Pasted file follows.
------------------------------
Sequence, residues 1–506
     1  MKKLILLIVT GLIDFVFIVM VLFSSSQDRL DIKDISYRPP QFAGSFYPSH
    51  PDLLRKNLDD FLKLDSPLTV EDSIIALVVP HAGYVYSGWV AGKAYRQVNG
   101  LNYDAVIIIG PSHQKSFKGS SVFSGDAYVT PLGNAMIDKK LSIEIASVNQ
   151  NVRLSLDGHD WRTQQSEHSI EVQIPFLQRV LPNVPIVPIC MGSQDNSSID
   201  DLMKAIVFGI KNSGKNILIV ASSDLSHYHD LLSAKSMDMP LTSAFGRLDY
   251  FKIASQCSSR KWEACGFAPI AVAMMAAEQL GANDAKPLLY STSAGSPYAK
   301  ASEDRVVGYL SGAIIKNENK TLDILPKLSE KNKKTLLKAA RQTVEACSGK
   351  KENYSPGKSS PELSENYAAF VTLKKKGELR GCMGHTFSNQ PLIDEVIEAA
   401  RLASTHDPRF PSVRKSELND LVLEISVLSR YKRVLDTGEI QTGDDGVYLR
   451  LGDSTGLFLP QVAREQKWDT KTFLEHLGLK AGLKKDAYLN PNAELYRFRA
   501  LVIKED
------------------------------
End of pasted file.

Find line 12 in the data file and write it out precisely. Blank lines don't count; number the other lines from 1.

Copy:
   501  LVIKED